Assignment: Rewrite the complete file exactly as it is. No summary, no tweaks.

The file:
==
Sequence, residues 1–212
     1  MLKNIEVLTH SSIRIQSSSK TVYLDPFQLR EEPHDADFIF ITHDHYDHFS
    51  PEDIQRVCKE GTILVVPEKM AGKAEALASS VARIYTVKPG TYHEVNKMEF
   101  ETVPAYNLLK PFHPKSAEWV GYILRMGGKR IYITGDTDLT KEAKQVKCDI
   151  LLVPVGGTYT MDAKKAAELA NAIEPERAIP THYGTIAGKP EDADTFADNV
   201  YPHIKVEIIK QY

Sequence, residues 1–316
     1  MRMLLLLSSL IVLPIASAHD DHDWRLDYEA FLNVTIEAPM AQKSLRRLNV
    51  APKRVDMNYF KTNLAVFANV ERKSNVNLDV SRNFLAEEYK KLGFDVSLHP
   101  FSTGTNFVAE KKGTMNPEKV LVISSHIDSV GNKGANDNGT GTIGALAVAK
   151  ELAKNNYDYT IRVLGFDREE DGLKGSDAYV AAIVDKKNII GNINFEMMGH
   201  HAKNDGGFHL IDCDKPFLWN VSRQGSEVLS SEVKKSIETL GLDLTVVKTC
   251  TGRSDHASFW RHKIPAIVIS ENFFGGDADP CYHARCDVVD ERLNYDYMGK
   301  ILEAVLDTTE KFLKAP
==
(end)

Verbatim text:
Sequence, residues 1–212
     1  MLKNIEVLTH SSIRIQSSSK TVYLDPFQLR EEPHDADFIF ITHDHYDHFS
    51  PEDIQRVCKE GTILVVPEKM AGKAEALASS VARIYTVKPG TYHEVNKMEF
   101  ETVPAYNLLK PFHPKSAEWV GYILRMGGKR IYITGDTDLT KEAKQVKCDI
   151  LLVPVGGTYT MDAKKAAELA NAIEPERAIP THYGTIAGKP EDADTFADNV
   201  YPHIKVEIIK QY

Sequence, residues 1–316
     1  MRMLLLLSSL IVLPIASAHD DHDWRLDYEA FLNVTIEAPM AQKSLRRLNV
    51  APKRVDMNYF KTNLAVFANV ERKSNVNLDV SRNFLAEEYK KLGFDVSLHP
   101  FSTGTNFVAE KKGTMNPEKV LVISSHIDSV GNKGANDNGT GTIGALAVAK
   151  ELAKNNYDYT IRVLGFDREE DGLKGSDAYV AAIVDKKNII GNINFEMMGH
   201  HAKNDGGFHL IDCDKPFLWN VSRQGSEVLS SEVKKSIETL GLDLTVVKTC
   251  TGRSDHASFW RHKIPAIVIS ENFFGGDADP CYHARCDVVD ERLNYDYMGK
   301  ILEAVLDTTE KFLKAP